a) In the morning, TNKR co-director Lee Eunkoo and I made a site visit to a possible venue for the 2/28 speech contest.
b) After that, we had a meeting with 고기완 of the Korea Economic Daily newspaper.
c) Then after that, I joined, in progress, a Freedom Factory meeting with intellectual Bok Geo-Il, he gave me a signed copy of his latest book, The Unforgotten War. He was or is battling cancer, he declined chemotherapy, he has continued writing and thinking…
By Casey Lartigue, Jr.
Although I absolutely love my job, I occasionally update my resume to track milestones and achievements. How should I categorize this? I have been included on former North Korean leader “Kim Jong-il’s Official Enemies List.”
There are 30 of us on the list, including former U.S. President George W. Bush and former Soviet leaders Mikhail Gorbachev and Nikita Khrushchev. Just two enemies list names above my own: Former South Korean President Kim Young-sam, on page 417 of the hilarious new book, “Dear Reader: The Unauthorized Autobiography of Kim Jong-il.” According to the book cover, everything, as dictated to celebrity ghostwriter Michael Malice, who never met Kim Jong-il, is 100 percent “TRUE”!
I wish I had thought to write such a book. Several years ago, I joked about editing a collection of laugh-out-loud dispatches of the North Korean propaganda machine 1) flattering the Kim dictators and 2) flattening South Korean puppets and American imperialists. But I realized that I might end up on an enemies list ― of South Korea’s National Security Act.
Writers using irony about a nation’s enemy are running through minefields. The commentary that filled my in-box with the angriest responses was my Korea Times column “I Believe.” I mentioned various North Korean terrorist acts, then made tongue-in-cheek excuses for North Korea. Progressive friends soft on North Korea were elated, hoping that I had finally seen the errors of my previous ways.
North Korea scholar Andrei Lankov says analysts trying to understand North Korea should evaluate it from the perspective of North Korea. “Dear Reader” does a reductio ad absurdum, dead-panning the Dear Leader’s words to hilariously present them as undisputed history. Malice uses original sources ― Kim Jong-il books he collected during a trip to North Korea ― to take on the dead dictator’s persona, humbly basking in the sunshine of his own lifelong brilliance.
Malice starts “Dear Reader” with Kim Jong-il recalling his own birth, writing, “I remember the day that I was born perfectly.” As a youngster, the future dictator admired his own academic excellence, but he was most proud of “how skilled I grew at fixing my fellow children.” He continued “fixing” everyone ― school teachers, professors, party leaders, artists, musicians, writers, movie directors ― with his endless insights.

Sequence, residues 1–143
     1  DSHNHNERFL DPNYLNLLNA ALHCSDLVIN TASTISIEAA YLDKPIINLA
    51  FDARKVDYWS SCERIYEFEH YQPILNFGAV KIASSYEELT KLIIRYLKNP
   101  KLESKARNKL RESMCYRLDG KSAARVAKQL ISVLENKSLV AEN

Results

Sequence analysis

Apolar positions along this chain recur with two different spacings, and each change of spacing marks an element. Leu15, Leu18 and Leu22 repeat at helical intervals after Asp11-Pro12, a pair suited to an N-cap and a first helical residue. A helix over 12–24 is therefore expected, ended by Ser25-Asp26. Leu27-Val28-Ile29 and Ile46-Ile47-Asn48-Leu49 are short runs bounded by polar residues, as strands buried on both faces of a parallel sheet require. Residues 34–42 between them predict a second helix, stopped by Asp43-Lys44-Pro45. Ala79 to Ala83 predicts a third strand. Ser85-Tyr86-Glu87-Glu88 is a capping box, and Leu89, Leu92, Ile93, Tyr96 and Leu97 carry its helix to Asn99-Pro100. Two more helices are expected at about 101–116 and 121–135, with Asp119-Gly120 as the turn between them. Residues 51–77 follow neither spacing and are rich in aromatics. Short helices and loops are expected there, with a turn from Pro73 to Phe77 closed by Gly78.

He was vigilante about eliminating wrong-thinking, wrong ideas, and opposing ideas through public executions or hard labor (after all, opposing ideas=wrong ideas). He claimed to master “time-shrinking” ― although he was more skilled at shrinking the economy and North Koreans (who reportedly are 1 to 3 inches shorter than their South Korean counterparts).
Even Muhammad Ali, during his heyday as the loquacious heavyweight boxing champion, didn’t pour syrup on himself to the level Kim Jong-il sweetened up himself. The dead dictator didn’t claim to float like a butterfly or sting like a bee, but he did write, “I remembered everything I saw and perceived 10 things when I heard one. I was so profound that all my utterances were original, novel and inventive.” Oh, except that every profound utterance was due to his father, the Great Leader of North Korea, Kim Il-sung.
Malice peers into the brain of Kim Jong-il, but also gives a glimpse of what it must be like to grow up under rulers who are never wrong, never in doubt, always outmaneuver the well-fed puppets and rich imperialists ― and won’t change the subject about their benevolence and genius. I had a new appreciation for those brave souls who ignore the round-the-clock propaganda and escape past armed guards. I also wanted to hug those poorly funded NGOs in South Korea who send information via shortwave radio, USB drives, CDs into North Korea. North Koreans need to hear opposing ― wrong ― views.
“Dear Reader” is a good reminder that my North Korean refugee friends now in South Korea were constantly taught that Americans started the “Fatherland Liberation War,” are blood-thirsty and immoral.
Oh, and that Americans smell. When North Korea seized the USS Pueblo in 1968, Kim Jong-il was informed that the captured Americans “smell,” even after taking showers. Worse, they “want to have sex with each other.” That was that, Kim was ready to send them back. “The American depravity knows no limits.”
“Dear Reader” reminded me that I have already been on enemies’ lists ― of the North Korean refugees, before they escaped. Now, I help some improve their English as co-director of the English Matching Project, I have numerous refugee friends, and I am a proud member of the “Kim Jong-il official enemies list.”
When I told a refugee friend about being on the list, she gushed: “Awesome!” In addition to updating my resume, I wish I could capture the importance of that endorsement in a reference.
P.S., to my own dear readers: Malice’s “enemies list” is really his “acknowledgements” page.
The writer is the director for international relations at Freedom Factory Co. Ltd. in Seoul and the Asia Outreach Fellow with the Atlas Network in Washington, D.C. He can be reached at email@example.com.
Original Korea Times link